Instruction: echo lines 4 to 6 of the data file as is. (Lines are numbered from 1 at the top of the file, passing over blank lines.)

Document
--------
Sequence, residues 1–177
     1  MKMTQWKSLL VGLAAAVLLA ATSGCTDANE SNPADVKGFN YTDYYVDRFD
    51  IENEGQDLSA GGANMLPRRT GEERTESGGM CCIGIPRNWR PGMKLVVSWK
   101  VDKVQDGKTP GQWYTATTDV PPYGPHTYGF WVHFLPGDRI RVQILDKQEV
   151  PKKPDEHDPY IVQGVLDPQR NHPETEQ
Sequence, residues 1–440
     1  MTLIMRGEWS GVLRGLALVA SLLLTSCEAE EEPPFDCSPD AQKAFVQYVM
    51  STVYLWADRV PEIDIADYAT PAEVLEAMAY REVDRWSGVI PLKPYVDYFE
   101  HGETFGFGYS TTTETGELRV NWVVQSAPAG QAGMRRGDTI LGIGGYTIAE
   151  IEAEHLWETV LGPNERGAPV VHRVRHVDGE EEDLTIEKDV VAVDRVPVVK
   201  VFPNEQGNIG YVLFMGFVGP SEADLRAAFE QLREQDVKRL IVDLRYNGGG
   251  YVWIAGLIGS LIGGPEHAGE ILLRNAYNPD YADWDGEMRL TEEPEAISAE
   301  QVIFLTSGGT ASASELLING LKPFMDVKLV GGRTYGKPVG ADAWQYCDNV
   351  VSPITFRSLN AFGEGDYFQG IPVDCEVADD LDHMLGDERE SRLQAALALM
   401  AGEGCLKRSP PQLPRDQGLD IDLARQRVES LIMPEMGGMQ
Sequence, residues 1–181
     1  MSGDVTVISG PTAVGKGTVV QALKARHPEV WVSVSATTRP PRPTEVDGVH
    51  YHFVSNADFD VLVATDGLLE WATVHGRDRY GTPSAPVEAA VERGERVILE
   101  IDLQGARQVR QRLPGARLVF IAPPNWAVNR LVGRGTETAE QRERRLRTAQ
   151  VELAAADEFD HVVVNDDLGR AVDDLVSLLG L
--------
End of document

   101  VDKVQDGKTP GQWYTATTDV PPYGPHTYGF WVHFLPGDRI RVQILDKQEV
   151  PKKPDEHDPY IVQGVLDPQR NHPETEQ
Sequence, residues 1–440